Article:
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        Jeffrey Nonken (profile), Dec 21st, 2011 @ 1:01pm

        Re: Re:

        "The assumption is that piracy can only help."

        Straw man. Troll harder.

         

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        JMT (profile), Dec 21st, 2011 @ 2:45pm

        Re: Re:

        "All bias now served with a side of prejudice--FREE!"

        Why do you make such a big deal about Techdirt being biased? Of course it is, it's an opinion blog. Your bias is just as strongly displayed, except your constant harping about bias adds a dollop of hypocrisy on top.

        "The assumption is that piracy can only help."

        That's BS. There are no assumptions; instead there are references to numerous non-industry studies that show the losses from infringement are far lower than claimed, and to numerous non-industry studies that show there are indirect gains resulting from infringement. If you interpret that as "piracy can only help" then your comprehension skills are lacking.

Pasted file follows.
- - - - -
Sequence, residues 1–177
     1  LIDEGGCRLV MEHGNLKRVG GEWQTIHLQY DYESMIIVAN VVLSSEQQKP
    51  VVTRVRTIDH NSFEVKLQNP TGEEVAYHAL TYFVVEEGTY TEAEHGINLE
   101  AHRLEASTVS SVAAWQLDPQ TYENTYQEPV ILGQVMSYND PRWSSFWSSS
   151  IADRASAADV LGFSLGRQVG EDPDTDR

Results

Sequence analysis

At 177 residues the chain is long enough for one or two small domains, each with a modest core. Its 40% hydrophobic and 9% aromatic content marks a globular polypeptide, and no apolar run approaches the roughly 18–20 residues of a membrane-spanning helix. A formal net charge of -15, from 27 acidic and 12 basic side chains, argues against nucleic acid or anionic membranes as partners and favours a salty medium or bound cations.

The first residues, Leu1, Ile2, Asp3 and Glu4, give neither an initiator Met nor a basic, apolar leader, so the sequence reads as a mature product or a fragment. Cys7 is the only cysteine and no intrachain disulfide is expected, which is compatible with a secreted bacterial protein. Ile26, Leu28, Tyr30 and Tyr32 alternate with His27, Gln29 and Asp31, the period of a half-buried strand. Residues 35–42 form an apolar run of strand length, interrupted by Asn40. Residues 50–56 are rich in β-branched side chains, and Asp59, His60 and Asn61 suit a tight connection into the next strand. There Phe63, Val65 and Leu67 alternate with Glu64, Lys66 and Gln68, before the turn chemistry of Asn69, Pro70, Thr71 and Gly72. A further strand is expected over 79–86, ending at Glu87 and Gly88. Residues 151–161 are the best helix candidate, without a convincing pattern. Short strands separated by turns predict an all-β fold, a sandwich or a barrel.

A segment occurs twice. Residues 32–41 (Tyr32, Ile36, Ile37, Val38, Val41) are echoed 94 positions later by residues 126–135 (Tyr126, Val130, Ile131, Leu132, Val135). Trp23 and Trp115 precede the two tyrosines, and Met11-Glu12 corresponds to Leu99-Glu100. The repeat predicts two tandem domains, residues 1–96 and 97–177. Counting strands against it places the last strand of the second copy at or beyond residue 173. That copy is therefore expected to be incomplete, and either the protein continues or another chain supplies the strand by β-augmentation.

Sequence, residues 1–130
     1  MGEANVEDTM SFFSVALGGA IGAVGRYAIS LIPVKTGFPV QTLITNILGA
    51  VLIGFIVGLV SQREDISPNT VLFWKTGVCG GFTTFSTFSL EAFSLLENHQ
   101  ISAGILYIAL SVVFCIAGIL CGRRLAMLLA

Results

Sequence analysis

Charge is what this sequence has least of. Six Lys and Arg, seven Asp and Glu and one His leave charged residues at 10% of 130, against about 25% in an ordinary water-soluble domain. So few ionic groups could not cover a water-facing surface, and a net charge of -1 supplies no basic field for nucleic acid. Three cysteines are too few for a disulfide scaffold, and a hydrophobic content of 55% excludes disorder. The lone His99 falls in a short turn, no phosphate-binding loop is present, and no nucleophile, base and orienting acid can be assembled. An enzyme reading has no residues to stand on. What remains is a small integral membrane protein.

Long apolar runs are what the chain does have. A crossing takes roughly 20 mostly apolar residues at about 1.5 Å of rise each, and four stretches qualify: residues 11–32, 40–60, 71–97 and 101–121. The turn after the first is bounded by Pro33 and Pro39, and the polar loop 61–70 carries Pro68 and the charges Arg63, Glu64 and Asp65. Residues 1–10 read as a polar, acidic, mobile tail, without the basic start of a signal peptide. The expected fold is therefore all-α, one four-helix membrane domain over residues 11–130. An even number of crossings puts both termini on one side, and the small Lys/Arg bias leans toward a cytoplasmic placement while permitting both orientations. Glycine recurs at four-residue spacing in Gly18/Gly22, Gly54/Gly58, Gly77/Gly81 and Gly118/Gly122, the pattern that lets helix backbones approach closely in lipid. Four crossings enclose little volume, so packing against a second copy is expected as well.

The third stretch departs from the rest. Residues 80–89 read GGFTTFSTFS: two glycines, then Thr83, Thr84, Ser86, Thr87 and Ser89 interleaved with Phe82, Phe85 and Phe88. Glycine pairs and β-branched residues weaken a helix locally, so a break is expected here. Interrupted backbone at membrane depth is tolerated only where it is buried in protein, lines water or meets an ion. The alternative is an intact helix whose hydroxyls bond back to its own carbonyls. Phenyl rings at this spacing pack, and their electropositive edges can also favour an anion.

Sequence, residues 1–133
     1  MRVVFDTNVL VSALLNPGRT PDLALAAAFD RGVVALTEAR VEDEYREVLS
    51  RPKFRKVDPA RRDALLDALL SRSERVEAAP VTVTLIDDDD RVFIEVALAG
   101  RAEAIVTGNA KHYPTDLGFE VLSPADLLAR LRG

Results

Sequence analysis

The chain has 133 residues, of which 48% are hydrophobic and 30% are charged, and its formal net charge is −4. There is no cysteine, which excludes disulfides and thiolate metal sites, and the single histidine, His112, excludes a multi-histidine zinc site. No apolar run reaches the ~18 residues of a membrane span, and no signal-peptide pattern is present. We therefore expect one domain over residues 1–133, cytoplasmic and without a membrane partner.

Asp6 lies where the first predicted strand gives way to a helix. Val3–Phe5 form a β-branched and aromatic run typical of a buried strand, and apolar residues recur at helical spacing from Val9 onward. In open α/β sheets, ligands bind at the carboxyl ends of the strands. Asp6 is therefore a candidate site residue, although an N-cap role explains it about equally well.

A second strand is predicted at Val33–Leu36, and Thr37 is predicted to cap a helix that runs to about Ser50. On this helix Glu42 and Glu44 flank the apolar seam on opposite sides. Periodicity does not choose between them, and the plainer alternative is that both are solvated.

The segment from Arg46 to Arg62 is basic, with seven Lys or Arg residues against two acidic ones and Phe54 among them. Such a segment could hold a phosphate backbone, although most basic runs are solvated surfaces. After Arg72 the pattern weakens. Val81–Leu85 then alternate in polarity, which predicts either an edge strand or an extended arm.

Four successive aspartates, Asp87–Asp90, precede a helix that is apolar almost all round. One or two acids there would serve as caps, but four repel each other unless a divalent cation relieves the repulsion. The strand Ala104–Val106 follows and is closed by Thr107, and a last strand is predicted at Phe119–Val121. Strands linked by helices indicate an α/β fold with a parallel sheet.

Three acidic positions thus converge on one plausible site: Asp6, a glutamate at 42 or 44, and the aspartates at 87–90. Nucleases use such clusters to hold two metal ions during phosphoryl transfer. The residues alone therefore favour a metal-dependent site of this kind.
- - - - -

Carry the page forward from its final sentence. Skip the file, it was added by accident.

"Never mind the fact that this defendant consciously and deliberately chose to criminally violate other people's rights."

        You say that as if all rights are equal. Copyright is not an inalienable human right, or a constitutionally guaranteed right. It's a government-granted privilege that should only be upheld if the net benefit is to society, as was originally intended. The government is supposed to pass laws that reflect the will of the people, and it's become quite obvious that the general public has a very low opinion of these rights. So your moral outrage is noted, but dismissed.

         

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      E. Zachary Knight (profile), Dec 21st, 2011 @ 8:45am

      Re:

      I would like to echo Planespotter,

      Where is the proof that actual harm was committed. Fox can't provide it. The prosecution couldn't provide it. So with this lack of any proof of harm, why is this guy being locked up for a year?